Melissa Arnot climbs mountains for a living. It’s risky, she says, but so is life.
“Life is a life-threatening activity. We are going to die,” the 31-year-old Arnot said in an inspirational talk at TheWrap’s first Power Women Breakfast in New York on Tuesday. “What matters is that I feel complete,” she said.
Arnot is the first American woman to climb Mount Everest five times and the only female guide working on the mountain. She had a roomful of powerful women executives breaking into spontaneous applause as she recounted quitting an advertising job at Procter & Gamble and living out of the back of truck for years, learning the craft of mountaineering.
Arnot doesn’t have a death wish, she assured the crowd. “I do have a lot do do tomorrow, so hope I don’t die,” she joked, gesturing to midtown Manhattan just outside the window of the Time Warner Center. It’s a far cry from the Alaskan glacier she had just left or the peaks of Everest where she practices her profession – which she modestly described as “walking up hill very slowly.”
Her Eureka moment happened suddenly on a trip home to her native Montana. “I went hiking and looked at the peak and saw all the opportunity in the world…I learned how to be a guide and I was successful.”
But Arnot has faced sexism in an arena where nearly all of her colleagues are men, and all of her clients – who she guides up the mountain – are men too.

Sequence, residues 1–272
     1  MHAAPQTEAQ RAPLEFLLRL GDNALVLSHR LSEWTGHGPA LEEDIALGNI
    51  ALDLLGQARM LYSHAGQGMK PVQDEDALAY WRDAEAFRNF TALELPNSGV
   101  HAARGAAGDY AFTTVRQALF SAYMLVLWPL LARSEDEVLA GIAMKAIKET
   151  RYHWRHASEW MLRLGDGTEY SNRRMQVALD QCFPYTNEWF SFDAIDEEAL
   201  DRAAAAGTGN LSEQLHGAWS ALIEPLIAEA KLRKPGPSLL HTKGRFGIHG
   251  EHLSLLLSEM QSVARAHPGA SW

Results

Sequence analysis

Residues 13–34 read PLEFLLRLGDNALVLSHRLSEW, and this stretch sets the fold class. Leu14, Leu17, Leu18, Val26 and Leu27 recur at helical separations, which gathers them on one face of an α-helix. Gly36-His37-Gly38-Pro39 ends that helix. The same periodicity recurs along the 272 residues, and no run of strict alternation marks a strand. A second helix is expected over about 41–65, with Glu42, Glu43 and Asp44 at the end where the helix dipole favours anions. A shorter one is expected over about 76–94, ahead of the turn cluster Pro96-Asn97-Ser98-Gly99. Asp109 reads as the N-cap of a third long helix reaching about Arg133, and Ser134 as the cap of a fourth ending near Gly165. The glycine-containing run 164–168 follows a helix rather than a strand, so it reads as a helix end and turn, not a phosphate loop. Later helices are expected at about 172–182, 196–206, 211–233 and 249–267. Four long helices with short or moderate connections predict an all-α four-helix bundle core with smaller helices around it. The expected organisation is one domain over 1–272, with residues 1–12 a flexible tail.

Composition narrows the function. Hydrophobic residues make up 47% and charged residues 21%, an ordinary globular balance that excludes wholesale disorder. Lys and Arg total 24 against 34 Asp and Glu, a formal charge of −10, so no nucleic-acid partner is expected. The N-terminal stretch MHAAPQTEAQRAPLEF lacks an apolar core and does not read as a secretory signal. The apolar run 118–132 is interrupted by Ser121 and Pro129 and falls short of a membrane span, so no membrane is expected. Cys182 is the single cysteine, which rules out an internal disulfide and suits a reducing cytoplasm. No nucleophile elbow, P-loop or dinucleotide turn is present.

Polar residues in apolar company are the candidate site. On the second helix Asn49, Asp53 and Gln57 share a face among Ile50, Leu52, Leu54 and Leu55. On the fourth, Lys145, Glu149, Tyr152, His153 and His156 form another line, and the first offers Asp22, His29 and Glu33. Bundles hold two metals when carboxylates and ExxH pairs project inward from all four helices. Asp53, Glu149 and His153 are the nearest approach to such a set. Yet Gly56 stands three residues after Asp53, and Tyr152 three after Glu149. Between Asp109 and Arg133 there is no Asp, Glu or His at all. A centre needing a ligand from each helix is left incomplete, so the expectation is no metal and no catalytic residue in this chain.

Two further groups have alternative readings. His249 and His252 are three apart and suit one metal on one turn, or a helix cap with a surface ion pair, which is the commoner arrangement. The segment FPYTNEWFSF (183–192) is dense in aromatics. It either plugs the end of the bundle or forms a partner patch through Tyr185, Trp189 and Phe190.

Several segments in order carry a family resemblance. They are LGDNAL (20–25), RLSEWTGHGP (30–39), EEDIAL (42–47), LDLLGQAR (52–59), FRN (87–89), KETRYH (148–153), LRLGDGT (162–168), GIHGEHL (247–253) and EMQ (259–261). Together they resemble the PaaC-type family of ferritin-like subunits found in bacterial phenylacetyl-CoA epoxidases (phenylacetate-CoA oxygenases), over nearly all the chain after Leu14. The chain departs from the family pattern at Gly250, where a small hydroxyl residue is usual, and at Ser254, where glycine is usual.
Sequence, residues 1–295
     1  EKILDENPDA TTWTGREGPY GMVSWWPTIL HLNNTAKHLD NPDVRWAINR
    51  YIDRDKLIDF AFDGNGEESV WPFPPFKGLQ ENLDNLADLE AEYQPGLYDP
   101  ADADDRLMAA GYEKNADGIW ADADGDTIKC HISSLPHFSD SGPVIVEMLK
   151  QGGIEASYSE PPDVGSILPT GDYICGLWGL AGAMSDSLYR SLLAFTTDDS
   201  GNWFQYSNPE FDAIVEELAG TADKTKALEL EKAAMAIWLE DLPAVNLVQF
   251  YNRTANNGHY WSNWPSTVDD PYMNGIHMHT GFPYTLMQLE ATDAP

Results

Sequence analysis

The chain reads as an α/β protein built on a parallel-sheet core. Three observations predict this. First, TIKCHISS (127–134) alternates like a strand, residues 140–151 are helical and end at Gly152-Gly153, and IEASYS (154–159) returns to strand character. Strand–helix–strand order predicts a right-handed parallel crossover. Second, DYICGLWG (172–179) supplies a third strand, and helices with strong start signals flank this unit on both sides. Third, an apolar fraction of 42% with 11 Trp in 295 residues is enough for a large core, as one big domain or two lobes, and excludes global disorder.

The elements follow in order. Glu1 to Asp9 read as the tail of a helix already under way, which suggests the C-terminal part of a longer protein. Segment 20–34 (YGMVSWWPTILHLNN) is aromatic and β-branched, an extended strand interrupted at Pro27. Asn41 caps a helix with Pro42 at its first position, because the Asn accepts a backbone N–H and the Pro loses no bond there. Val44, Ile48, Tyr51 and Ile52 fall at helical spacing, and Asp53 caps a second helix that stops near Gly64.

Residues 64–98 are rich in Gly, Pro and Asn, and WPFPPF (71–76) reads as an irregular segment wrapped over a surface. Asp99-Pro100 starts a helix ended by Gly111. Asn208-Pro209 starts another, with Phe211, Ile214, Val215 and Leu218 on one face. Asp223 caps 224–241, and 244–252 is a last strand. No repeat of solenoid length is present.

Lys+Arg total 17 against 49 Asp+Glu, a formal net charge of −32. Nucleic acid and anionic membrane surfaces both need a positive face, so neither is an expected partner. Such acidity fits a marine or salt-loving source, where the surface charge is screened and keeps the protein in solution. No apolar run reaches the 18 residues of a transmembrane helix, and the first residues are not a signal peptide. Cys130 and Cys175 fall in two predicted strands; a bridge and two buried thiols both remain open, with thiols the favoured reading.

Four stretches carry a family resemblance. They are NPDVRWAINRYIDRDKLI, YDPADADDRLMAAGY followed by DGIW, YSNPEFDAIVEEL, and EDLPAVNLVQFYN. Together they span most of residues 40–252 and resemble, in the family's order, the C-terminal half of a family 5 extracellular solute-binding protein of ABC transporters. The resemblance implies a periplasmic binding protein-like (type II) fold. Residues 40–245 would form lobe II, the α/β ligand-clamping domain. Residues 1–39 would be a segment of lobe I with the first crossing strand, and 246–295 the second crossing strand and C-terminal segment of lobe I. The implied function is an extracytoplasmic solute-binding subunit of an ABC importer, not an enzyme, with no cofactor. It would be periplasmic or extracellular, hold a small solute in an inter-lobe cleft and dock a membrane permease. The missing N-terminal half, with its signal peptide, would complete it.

She said: “My office is the mountain and the mountain doesn’t care that I’m a woman”
“I was twenty when I started guiding and my clients are 55 year-old professional men. I had to convince them that I am not an intern.,” she said.
Eleven years later she’s the queen of Everest. Those same men seek her out time and again, telling her they prefer a female guide whose focus is attention to the joy of the sport – not testosterone-fuels risk taking. “Men have said … women make much more conservative decisions. They don’t want to be faced with challenges from male guides.'”
She manages risks carefully. Her philosophy of climbing could be applied to daily life. “It’s calculated.. I manage things I can manage and accept things i can’t. I look at every situation very objectively and I say, ‘What are the risks? What can I manage, what can I not manage? On the mountain, a lot is out of your control but there is a lot your can interface responsibly with.”
“Ultimately, I just want to take care of people and teach people.”